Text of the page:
What Is Structural Carcassing In Construction?
What Is Structural Carcassing In Construction?
Structural carcassing, also known as structural framing or framing, refers to the construction method of creating a framework of large, strong structural elements that provide support for the weight of the building and transfer the loads to the foundation.
The structural carcassing system typically includes vertical studs or columns, horizontal beams or joists, and diagonal bracing or ties that are fastened together using various methods such as nails, bolts, screws, or adhesives.
The materials used in structural framing can include wood, steel, concrete, or other composite materials.
Once the structural framing is in place, other building components such as walls, floors, and roof systems can be attached to the framing members to complete the building’s overall structure.
The structural carcassing system is critical to the safety and stability of the building, and it must be designed and constructed to meet the necessary codes, standards, and regulations to ensure the safety of the occupants and the longevity of the building.
Generally, structural carcassing in construction is the main shell, frame or skeletal structure of a building.
It may or may not be the overall structural or load-bearing element of a building as it also refers to individual components such as floor joists, roof battens, roof trusses, cladding, decking supports and studwork for partitioned walls.
Structural carcassing is included in section G of the common arrangement of work sections classification (CAWS) along with structural elements such as Structural / Carcassing Metal (G1) and Structural / Carcassing timber.
Carcassing timber is designated due to its strength and durability and can be made from softwoods and hardwoods, with stronger options available for load-bearing applications.
In most cases carcassing timber has been pressure treated and kiln dried before being graded.
The treatment process will involve applying a mixture of chemicals designed to increase the strength and durability of the timber.
G Structural/ Carcassing Metal/Timber Checklist includes items such as G10 Structural steel framing, G11 Structural aluminium framing, G12 Isolated structural metal members, G20 Carpentry/Timber framing/First fixing, G21 Load-bearing timber blockwork, G23 Post and Beam frame, G26 SIPS Structural Insulated Panel Systems, G27 ISPS insulated structural panel system and G31 Prefabricated timber unit decking.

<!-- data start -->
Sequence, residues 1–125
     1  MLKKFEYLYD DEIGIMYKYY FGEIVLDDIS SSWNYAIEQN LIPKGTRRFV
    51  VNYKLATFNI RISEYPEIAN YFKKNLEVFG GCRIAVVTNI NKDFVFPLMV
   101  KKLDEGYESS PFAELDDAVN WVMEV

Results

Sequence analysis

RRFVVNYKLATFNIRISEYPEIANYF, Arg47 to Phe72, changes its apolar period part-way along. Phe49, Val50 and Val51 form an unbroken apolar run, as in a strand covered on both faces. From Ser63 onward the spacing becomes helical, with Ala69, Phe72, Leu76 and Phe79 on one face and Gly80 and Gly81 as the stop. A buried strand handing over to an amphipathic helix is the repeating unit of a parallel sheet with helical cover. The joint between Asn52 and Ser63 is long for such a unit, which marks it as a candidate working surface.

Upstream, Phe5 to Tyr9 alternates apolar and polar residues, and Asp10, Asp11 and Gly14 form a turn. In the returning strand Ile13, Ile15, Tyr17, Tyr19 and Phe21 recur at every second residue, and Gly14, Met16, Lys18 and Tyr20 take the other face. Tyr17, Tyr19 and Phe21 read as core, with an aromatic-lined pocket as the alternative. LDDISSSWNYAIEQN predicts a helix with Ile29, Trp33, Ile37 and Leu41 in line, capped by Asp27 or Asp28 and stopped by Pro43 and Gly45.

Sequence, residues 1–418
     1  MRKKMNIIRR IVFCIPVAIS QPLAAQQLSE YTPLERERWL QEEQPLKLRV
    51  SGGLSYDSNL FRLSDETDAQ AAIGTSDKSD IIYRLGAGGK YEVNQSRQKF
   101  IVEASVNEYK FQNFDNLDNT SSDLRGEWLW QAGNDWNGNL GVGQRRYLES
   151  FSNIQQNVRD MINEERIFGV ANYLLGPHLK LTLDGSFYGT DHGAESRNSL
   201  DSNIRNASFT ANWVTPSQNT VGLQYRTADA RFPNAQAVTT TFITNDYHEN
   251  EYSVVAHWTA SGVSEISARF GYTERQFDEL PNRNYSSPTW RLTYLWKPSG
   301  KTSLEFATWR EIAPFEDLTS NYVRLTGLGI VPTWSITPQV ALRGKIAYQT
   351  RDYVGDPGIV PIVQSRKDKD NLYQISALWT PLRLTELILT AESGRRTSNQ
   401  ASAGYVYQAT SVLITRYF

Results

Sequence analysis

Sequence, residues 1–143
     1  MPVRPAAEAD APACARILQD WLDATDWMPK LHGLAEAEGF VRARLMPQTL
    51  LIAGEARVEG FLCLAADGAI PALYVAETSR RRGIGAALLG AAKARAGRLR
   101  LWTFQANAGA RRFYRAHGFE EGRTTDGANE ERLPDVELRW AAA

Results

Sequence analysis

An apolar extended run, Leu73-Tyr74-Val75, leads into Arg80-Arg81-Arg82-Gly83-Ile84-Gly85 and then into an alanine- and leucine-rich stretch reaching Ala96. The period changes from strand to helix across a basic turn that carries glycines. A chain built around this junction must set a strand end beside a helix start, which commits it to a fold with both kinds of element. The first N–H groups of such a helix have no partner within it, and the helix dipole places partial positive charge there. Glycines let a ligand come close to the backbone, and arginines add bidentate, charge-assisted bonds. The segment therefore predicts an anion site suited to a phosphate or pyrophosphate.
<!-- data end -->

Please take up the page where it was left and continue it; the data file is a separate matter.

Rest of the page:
What Is Carcassing Wood Used For?
Carcassing timber is a type of wood that is used in structural applications such as floor joists, roof battens, roof trusses, cladding, decking supports and studwork for partitioned walls.
It is typically made from softwoods and hardwoods and can be pressure treated and kiln dried before being graded.
Carcassing timber is available in a range of sizes depending on the load required and the length needed.
It is most commonly used in construction where load bearing and support is required.
Common uses for carcassing timber include suspended ground floor joists, roof joists, loft joists, rafters, fencing panels, pallets and other packaging materials.
What Timber Is Used For Carcassing?
Carcassing timber is a type of timber used for structural building components such as floor joists, roof battens, roof trusses, cladding, decking supports and studwork.
It is usually made from softwoods or hardwoods and can be pressure treated or kiln dried to increase its strength.
The most common types of wood used in carcassing timber are European Redwood or European Whitewood, although other types of wood may also be used.
Carcassing timber is available in a wide range of sizes and can be graded for load-bearing applications.
Pressure-treated carcassing will last longer than untreated varieties. Eased-edge C16 kiln dried treated softwood carcassing timber is commonly used where a grading stamp is required.
What Is The Difference Between C16 And C24?
C16 and C24 are two of the most commonly used grades of timber in the UK. The ‘C’ grading simply means conifer, the type of tree the timber is made from, while the number denotes its strength.
C16 timber is the most common type of carcassing timber in the UK and is incredibly versatile and cost-effective.
C24 timber is also widely used in the UK, though not as much as C16 due to its higher price, which is largely down to its superior strength and appearance.
C16 timber can have some defects that impact its overall appearance, whereas C24 graded timber has less visible defects and a more uniform appearance.
In terms of strength, C24 timber offers superior performance compared to C16. This is demonstrated by specific measurements such as bending strength (C24: 20N/mm2; C16: 17N/mm2) and compression strength (C24: 30N/mm2; C16: 24N/mm2).
Whether to choose C16 or C24 depends on factors such as budget, desired appearance, and required strength.
If cost-effectiveness is a priority, then C16 may be a better option, whereas if unvarnished visibility or superior strength are desired then C24 may be preferable.